3. A method according to claim 1, wherein the splice and the adjacent portions of the two fibres are fixed in a channel in the support member.
4. A method according to claim 3, wherein the support member is elongate and of square or rectangular cross section save for the channel, which is in one of the four longitudinal faces.
5. A method according to claim 3 wherein the channel is of square or rectangular cross section, or is U-shaped.
6. A method according to claim 1, wherein the support member is of a borosilicate glass or of silica.
7. A method according to claim 1, wherein the adhesive employed is an epoxy resin.
8. A method according to claim 1, wherein the adhesive employed is a silicone resin.
9. A method according to claim 1, which comprises the additional step of:
(iii) fixing a transparent cover plate to the support member, thereby enclosing the fibre and adhesive with the support member and the cover plate.
10. A method according to claim 1, wherein the two optical fibres are monomode fibres.
11. A method of inspection of a connection according to claim 1, which comprises viewing the joint between the cores in two directions at right angles by means of a microscope.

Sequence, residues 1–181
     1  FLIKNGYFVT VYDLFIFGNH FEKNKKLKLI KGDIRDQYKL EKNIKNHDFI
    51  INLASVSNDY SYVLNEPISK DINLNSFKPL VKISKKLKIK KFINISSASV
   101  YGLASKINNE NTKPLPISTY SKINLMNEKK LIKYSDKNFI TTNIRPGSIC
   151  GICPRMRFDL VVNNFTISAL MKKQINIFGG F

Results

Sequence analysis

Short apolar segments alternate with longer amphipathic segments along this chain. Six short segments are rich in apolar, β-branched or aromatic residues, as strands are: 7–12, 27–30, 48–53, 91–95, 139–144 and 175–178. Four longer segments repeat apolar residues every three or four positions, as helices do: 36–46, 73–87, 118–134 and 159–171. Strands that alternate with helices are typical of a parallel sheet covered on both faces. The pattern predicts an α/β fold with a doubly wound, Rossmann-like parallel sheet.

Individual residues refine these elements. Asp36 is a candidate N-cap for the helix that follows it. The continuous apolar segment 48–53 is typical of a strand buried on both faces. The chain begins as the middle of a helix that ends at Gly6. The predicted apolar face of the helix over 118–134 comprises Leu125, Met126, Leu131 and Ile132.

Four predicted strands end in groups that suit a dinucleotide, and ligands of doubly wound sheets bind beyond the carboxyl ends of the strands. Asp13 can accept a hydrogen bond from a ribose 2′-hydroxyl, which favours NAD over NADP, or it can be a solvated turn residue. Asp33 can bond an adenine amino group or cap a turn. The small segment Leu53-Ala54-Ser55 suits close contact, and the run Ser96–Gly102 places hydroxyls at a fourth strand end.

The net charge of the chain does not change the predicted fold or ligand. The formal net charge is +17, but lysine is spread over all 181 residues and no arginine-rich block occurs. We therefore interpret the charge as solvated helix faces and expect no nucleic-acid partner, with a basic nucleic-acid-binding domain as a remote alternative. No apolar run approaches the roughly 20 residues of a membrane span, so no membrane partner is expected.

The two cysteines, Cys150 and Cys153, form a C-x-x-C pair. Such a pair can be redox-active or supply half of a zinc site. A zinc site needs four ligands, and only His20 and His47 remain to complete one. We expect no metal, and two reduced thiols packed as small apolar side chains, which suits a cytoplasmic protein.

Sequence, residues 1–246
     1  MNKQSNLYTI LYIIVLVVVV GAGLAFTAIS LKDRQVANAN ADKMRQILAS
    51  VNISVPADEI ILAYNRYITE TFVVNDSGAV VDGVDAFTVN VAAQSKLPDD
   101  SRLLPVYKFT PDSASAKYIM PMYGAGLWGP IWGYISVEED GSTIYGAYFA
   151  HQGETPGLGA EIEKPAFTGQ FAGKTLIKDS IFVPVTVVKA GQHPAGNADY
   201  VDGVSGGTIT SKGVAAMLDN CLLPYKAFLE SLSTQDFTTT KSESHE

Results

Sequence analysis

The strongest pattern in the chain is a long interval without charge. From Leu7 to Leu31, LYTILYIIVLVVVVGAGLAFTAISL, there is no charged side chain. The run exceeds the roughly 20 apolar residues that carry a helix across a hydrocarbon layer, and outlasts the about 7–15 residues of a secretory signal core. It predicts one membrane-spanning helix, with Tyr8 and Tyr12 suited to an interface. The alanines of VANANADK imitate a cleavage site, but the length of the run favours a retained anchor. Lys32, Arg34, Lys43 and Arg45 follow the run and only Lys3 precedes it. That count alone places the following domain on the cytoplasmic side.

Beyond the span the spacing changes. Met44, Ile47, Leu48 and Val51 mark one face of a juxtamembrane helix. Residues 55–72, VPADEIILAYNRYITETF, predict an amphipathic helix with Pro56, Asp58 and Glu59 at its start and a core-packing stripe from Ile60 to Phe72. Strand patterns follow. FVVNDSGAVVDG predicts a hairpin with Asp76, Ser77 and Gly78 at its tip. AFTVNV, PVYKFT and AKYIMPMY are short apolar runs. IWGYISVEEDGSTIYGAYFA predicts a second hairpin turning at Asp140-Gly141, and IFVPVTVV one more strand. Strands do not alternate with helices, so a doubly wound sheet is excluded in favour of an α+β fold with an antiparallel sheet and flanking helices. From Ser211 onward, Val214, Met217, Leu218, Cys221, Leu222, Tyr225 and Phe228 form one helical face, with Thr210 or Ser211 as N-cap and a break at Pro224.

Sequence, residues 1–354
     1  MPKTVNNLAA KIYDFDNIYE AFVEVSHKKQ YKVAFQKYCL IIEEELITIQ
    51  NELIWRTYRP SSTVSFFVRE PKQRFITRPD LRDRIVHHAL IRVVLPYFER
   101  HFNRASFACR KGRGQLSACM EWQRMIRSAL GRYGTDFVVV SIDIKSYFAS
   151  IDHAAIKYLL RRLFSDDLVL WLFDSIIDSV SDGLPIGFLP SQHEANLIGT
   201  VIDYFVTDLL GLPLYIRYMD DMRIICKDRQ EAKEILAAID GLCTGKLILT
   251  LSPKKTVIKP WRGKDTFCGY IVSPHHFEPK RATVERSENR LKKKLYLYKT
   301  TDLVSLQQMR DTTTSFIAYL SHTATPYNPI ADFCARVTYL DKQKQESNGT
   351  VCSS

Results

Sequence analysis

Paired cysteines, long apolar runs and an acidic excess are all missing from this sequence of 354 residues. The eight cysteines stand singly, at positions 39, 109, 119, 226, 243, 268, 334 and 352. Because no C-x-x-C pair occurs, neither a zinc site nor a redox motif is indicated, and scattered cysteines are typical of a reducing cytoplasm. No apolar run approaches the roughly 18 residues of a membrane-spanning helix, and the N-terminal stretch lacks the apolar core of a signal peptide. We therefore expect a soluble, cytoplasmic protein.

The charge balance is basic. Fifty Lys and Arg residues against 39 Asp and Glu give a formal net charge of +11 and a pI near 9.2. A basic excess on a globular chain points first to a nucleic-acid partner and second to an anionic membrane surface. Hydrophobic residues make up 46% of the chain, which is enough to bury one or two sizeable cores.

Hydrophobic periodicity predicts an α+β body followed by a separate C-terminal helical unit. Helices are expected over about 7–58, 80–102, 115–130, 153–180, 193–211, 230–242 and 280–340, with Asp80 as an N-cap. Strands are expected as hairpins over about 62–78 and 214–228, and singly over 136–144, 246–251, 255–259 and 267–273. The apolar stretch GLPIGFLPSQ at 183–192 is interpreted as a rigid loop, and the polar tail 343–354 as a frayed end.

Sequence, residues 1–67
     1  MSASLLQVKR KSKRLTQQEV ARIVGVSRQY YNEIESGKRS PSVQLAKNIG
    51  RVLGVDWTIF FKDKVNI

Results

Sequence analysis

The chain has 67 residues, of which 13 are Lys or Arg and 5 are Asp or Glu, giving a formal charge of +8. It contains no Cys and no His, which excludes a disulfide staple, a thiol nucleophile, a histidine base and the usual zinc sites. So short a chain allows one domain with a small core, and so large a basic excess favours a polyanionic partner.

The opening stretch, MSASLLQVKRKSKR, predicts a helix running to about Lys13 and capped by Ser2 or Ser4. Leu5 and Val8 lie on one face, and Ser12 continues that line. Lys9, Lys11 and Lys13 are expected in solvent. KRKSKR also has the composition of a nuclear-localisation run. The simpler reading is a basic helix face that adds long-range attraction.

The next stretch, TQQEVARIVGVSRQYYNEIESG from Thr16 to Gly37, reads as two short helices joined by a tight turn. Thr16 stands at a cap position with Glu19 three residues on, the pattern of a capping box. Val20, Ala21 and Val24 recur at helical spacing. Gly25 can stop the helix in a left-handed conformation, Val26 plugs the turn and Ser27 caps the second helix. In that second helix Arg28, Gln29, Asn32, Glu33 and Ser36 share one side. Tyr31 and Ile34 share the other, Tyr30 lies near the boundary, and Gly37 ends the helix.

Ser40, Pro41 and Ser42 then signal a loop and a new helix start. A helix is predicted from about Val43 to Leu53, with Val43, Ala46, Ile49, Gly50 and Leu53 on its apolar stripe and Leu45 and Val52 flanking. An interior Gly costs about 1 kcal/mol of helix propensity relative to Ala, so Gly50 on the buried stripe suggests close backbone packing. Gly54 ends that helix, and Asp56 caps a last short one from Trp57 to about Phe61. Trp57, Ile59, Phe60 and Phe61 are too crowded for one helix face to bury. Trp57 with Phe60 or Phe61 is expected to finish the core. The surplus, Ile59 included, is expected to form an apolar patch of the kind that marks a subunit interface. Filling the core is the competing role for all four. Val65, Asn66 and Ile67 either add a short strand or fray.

12. A method according to claim 11, which comprises viewing the joint by means of light transmitted through the region of the splice.
13. A method of inspection of a connection according to claim 5, which comprises the steps of:
(a) locating a 45 prism adjacent to one of the planar longitudinal faces of the support member, and
(b) viewing the fibre splice in two directions at right angles by means of a microscope whose position is adjusted therefor without rotation relative to the support member.
14. A method according to claim 13, wherein a second 45 prism is located adjacent to a longitudinal face of the support member and illumination for the viewing of the fibre splice is provided by means of a source whose position is adjusted therefor without rotation relative to the support member.
15. A method of inspection of a connection according to claim 9, which comprises the steps of:
(a) locating a 45 prism adjacent to one of the planar longitudinal faces of the support member or cover plate, and
(b) viewing the fibre splice in two directions at right angles by means of a microscope whose position is adjusted therefor without rotation relative to the support member.